How to Make an Animated SVG Speedometer

A gauge meter is a tool that visually indicates a value within a given range. In computers, a “disk space indicator” uses a gauge meter to show how much disk space is used from the total available. Gauges have zones or regions across its range, each differentiated by its own color. In front-end development, we can use the <meter> HTML5 tag to display data within a specific range.

In this post, we’ll make an SVG gauge meter of semi-circular shape, and animate it. Take a look at this preview GIF that shows how the final version will work in Firefox:

Demo GIF

The meter’s range is 0-100, and it displays three equal zones in yellow, blue and red. You can change the range and the number of the zones according to your needs.

For explanation purposes, I’ll perform manual calculations, and use inline SVG attributes/properties in the following steps.

My final demo, however, uses CSS and JavaScript for the calculation and insertion of SVG properties in order to make it more flexible.

1. Draw a circle

Let’s draw a simple circle in SVG. HTML5’s new <svg> tag allows us to add SVG right into the HTML code. Inside the <svg> tag, we add the <circle> SVG shape like this:

<div id="wrapper">
  <svg id="meter">
    <circle r="150" cx="50%" cy="50%"></circle>
  </svg>
</div>
A Circle

In CSS, let’s add width and height properties to the wrapper, both greater than or equal to the diameter of the circle (it’s 300px in our example). We also need to set the width and height of the #meter element to 100%.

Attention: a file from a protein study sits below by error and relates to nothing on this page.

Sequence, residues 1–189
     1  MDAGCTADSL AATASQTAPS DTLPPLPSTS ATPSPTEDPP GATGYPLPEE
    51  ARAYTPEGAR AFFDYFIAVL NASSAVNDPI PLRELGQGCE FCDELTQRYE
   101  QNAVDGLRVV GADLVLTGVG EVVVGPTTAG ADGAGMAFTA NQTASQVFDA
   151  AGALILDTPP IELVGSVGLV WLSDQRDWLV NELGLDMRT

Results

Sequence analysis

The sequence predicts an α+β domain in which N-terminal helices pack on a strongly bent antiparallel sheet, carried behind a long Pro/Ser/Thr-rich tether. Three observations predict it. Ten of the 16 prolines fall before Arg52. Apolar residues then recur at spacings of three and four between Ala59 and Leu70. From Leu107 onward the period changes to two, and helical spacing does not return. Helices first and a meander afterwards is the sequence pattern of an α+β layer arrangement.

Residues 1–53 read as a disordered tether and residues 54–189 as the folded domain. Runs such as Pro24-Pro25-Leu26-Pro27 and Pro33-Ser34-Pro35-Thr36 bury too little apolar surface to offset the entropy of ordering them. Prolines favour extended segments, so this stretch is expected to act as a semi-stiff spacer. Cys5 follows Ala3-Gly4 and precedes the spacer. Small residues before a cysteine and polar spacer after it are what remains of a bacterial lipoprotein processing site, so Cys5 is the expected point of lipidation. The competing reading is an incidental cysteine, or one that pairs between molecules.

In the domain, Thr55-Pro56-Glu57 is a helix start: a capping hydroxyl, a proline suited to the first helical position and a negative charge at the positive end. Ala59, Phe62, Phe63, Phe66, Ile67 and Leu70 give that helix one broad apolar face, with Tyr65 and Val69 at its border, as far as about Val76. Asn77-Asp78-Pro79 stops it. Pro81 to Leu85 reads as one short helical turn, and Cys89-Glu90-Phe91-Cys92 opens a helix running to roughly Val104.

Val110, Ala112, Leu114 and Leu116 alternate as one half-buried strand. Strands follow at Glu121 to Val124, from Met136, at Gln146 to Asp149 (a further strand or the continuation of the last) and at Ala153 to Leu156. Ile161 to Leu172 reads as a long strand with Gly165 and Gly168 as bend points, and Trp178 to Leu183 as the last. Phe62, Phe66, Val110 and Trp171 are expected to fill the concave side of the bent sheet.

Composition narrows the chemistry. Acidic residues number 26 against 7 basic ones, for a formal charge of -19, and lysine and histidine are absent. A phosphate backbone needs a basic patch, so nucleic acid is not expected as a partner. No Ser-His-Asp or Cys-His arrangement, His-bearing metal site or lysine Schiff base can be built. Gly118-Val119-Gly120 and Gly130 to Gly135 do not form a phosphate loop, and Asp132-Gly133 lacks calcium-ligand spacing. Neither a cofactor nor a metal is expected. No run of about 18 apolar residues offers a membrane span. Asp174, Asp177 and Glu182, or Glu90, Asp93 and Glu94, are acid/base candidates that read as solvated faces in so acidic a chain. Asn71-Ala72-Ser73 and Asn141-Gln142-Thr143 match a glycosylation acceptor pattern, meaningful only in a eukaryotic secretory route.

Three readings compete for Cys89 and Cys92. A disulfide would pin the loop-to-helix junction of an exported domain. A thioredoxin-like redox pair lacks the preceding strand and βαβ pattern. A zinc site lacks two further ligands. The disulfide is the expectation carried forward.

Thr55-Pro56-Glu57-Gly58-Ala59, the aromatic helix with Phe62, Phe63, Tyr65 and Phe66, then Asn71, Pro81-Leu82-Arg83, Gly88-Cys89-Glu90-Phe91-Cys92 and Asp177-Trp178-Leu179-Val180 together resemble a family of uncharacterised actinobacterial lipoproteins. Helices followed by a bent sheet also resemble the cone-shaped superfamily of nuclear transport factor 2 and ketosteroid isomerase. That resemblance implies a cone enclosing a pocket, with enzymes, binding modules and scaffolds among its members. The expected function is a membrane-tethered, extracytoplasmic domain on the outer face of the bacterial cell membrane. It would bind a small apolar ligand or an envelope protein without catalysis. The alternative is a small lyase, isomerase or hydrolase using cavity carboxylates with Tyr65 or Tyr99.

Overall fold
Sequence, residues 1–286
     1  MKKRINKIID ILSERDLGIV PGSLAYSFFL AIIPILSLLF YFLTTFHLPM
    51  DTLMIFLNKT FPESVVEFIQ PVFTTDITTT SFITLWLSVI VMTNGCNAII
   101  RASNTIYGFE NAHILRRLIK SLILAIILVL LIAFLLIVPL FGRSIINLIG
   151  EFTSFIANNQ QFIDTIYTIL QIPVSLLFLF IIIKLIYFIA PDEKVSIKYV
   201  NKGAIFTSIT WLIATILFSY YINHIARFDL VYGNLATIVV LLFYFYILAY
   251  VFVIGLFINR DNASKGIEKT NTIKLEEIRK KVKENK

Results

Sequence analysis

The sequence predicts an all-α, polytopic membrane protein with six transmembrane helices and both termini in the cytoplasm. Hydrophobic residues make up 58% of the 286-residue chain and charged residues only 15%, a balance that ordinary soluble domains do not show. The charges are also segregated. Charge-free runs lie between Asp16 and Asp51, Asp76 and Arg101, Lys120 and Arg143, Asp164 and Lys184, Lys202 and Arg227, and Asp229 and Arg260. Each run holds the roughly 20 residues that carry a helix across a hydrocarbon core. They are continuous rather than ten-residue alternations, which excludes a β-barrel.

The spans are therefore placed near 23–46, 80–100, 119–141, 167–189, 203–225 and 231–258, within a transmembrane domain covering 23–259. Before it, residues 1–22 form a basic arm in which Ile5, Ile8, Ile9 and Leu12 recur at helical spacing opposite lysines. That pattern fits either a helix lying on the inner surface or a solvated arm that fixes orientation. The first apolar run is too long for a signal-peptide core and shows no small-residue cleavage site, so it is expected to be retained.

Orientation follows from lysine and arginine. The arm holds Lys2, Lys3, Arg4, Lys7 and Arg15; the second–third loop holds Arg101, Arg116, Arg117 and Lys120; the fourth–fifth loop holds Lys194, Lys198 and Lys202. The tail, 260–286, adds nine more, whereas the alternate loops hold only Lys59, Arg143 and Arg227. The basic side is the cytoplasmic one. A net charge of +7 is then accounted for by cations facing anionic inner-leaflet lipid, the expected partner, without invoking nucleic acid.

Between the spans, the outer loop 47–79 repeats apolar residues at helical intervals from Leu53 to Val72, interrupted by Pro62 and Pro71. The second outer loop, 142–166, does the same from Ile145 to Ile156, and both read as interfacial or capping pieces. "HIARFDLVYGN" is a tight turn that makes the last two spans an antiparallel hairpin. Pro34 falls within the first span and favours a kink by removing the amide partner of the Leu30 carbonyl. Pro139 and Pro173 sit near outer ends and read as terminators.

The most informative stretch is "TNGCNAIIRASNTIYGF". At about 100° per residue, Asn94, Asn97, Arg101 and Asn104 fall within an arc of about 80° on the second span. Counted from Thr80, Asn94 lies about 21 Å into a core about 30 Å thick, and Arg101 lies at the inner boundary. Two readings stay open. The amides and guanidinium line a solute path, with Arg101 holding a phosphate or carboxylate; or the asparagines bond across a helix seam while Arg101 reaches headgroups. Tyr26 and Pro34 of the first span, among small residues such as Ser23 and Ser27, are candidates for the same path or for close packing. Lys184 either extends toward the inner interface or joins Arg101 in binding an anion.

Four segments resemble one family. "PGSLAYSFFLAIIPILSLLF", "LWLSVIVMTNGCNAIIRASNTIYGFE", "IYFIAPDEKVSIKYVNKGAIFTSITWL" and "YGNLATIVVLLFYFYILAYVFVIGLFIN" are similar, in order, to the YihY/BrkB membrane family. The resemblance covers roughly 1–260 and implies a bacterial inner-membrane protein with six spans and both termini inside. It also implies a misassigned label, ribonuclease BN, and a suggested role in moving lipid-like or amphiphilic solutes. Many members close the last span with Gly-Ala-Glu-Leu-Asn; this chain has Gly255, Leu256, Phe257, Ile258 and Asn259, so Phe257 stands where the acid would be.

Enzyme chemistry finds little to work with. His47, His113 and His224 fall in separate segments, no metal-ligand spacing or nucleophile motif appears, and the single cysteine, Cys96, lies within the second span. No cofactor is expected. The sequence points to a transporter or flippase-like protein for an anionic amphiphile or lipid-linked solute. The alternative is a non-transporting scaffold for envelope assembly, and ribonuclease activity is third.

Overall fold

#wrapper{
  width: 400px;
  height: 400px;
}

#meter{
  width: 100%;
  height: 100%;
}

2. Add outline to the circle and remove fill

With the help of the stroke and stroke-width SVG properties we add an outline to the circle, and by using the fill="none" property we remove the circle’s fill as well.

<circle id="low" r="150" cx="50%" cy="50%" stroke="#FDE47F"
stroke-width="60" fill="none"></circle>
A Circle

3. cover only half of the circle

The stroke-dasharray SVG property creates a dashed outline, and takes two values, dash length and gap length.

For the semi-circle outline, the dash length value needs be equal to the circle’s semi-circumference, so that the dash covers half of the circle’s circumference, and the gap length value needs be either equal to or more than the remaining circumference.

When it’s more, it will be converted to the remaining circumference by the browser, hence we will use the full circumference value for the gap length. This way we can avoid calculating the remaining circumference.

Let’s see the calculations:

circumference = 2 × π × r

where r is the radius. For a radius of 150, the circumference is: